A World Health Organisation (WHO) air quality model has revealed that 92% of the world’s population lives in areas where air quality levels exceed recommended limits.
The interactive map was developed in collaboration with the University of Bath and represents the most detailed outdoor air pollution-related health data by country ever reported by WHO.
The model provides information on population-weighted exposure to particulate matter (PM2.5) for all countries. It also indicates data on monitoring stations for PM10 and PM2.5 values for about 3000 cities and towns.
Dr Flavia Bustreo, assistant director general at WHO said: “The new WHO model shows countries where the air pollution danger spots are, and provides a baseline for monitoring progress in combatting it.”
The data was derived from satellite measurements, air transport models and ground station monitors for more than 3000 locations, both rural and urban.
According to WHO, some 3 million deaths per-year are linked to exposure to outdoor air pollution, but indoor air pollution can be just as deadly, the organisation claims. In 2012, an estimated 6.5 million deaths (11.6% of all global deaths) were associated with indoor and outdoor air pollution combined.
Nearly 90% of air pollution related deaths occur in low and middle income countries, with nearly two out of three occurring in WHO’s South-East Asia and Western Pacific regions.
94% are due to non-transmissible diseases – notably cardiovascular diseases, stroke, chronic obstructive pulmonary disease and lung cancer. Air pollution also increases the risks for acute respiratory infections.
“Air pollution continues to take a toll on the health of the most vulnerable populations – women, children and the older adults,” Dr Bustreo added. “For people to be healthy, they must breathe clean air from their first breath to their last.”
Major sources of air pollution include inefficient modes of transport, household fuel and waste burning, coal-fired power plants, and industrial activities. However, not all air pollution originates from human activity— it can also be influenced by factors such as dust storms, particularly in regions close to deserts.
The model calibrated data from satellite and ground stations to maximize reliability. National air pollution exposures were analysed against population and air pollution levels at a grid resolution of about 10 km x 10 km.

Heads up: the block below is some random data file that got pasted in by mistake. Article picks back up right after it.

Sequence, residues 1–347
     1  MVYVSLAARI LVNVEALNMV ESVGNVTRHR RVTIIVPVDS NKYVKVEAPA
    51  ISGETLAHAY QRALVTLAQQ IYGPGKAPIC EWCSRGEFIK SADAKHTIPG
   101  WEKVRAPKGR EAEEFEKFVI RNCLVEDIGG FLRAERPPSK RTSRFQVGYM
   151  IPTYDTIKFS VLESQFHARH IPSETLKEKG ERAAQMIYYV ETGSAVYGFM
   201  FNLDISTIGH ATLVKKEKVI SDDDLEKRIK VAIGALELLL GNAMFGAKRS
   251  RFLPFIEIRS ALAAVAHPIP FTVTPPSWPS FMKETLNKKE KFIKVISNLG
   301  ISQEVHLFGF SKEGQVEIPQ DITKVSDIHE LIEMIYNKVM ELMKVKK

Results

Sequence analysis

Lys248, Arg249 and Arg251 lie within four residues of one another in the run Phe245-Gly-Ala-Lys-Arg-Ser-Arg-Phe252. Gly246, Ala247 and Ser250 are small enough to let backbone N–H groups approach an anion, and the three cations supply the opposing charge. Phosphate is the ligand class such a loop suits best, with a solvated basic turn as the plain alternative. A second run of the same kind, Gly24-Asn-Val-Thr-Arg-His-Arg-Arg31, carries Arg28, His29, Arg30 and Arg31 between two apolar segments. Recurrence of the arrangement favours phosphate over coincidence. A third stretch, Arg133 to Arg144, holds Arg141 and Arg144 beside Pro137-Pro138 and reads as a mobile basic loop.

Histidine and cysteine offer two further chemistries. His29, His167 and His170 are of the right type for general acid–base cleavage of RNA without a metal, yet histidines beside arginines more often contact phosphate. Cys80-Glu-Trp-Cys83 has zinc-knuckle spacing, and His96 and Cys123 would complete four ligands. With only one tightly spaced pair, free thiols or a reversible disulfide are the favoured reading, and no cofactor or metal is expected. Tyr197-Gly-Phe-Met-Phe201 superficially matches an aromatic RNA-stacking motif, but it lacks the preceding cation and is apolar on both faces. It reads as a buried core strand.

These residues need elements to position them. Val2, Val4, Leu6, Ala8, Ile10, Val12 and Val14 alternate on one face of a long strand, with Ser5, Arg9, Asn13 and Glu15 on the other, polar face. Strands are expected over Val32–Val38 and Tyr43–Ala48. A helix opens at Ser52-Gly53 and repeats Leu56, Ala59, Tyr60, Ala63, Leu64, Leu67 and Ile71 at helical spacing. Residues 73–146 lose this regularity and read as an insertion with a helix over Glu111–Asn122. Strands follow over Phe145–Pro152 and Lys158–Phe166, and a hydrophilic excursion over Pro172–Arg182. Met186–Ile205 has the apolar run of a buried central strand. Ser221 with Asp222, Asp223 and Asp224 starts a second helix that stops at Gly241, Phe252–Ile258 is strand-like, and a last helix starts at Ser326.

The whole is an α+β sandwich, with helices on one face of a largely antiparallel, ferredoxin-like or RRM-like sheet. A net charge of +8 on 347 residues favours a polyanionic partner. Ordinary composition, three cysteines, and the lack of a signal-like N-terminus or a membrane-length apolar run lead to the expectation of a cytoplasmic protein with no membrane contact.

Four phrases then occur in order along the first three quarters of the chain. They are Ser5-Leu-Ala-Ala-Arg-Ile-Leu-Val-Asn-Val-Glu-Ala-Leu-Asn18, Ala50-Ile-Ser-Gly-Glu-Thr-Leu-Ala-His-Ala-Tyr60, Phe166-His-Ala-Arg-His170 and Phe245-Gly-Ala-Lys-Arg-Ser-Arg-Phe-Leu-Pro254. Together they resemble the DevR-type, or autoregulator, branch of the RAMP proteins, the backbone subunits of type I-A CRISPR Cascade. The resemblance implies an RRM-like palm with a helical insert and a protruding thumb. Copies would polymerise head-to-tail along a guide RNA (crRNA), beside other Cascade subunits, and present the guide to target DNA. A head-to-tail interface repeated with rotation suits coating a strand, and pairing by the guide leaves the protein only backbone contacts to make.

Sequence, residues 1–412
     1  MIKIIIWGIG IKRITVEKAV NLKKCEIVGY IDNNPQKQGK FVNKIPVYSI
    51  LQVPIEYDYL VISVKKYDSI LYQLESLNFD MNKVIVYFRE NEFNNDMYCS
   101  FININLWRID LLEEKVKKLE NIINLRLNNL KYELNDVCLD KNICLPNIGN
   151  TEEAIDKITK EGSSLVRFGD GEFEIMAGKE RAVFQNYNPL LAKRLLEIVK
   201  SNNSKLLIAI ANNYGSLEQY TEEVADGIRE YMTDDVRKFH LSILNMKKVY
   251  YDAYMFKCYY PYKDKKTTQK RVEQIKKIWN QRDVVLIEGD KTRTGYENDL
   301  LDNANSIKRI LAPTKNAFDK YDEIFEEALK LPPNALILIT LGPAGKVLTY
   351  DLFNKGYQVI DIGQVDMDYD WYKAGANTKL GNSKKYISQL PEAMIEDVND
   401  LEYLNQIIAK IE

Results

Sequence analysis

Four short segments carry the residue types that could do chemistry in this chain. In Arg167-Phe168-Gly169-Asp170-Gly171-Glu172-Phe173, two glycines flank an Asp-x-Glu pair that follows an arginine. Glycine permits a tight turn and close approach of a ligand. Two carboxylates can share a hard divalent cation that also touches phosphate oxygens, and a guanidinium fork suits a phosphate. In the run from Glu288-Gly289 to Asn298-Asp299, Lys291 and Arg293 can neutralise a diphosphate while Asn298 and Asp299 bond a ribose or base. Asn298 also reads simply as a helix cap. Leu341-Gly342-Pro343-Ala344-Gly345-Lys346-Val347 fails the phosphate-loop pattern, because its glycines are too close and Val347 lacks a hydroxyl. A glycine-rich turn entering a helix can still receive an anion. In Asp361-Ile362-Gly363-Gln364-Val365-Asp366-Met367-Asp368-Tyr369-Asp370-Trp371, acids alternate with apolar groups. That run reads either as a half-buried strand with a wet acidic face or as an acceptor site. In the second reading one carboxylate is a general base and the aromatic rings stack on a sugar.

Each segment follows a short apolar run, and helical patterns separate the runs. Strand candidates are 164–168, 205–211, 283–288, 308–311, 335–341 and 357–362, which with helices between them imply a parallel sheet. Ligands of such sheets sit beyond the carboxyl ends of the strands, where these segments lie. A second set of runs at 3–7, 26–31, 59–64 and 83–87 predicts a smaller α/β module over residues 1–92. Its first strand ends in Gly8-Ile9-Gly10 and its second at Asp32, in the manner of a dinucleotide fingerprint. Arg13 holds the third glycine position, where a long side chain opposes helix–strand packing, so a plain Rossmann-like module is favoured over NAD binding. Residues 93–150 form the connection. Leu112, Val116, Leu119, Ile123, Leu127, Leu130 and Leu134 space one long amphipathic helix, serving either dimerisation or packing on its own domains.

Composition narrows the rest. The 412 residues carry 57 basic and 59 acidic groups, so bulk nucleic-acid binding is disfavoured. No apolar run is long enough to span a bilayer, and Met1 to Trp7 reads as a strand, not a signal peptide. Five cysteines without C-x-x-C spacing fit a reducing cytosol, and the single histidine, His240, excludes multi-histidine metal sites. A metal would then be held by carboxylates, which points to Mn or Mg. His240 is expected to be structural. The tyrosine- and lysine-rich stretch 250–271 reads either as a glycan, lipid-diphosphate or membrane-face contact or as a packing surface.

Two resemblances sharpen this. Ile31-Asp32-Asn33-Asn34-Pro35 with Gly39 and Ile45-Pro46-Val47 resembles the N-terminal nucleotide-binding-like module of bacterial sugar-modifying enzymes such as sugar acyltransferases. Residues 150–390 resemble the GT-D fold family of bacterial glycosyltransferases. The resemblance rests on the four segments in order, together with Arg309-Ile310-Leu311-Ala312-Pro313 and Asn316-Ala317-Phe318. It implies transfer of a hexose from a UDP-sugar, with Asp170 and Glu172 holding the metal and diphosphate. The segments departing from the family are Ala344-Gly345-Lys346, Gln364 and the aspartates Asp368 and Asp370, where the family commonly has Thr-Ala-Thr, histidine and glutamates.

Dr Maria Neira, WHO director for the Department of Public Health, Environmental and Social Determinants of Health, said: “This new model is a big step forward towards even more confident estimates of the huge global burden of more than 6 million deaths – 1 in 9 of total global deaths – from exposure to indoor and outdoor air pollution.”
“More and more cities are monitoring air pollution now, satellite data is more comprehensive, and we are getting better at refining the related health estimates.”
This autumn, WHO will be rolling out BreatheLife, a global communications campaign to increase public awareness of air pollution as a major health and climate risk.
BreatheLife is led by WHO in partnership with the United Nations Environment Programme (UNEP), hosted Climate and Clean Air Coalition to Reduce Short-lived Climate Pollutants.
The campaign stresses both the practical policy measures that cities can implement— such as better housing, transport, waste, and energy systems— and the measures that can be taken as communities or individuals to improve air quality.
“Fast action to tackle air pollution can’t come soon enough,” Dr Neira added. “Solutions exist with sustainable transport in cities, solid waste management, access to clean household fuels and cook-stoves, as well as renewable energies and industrial emissions reductions.”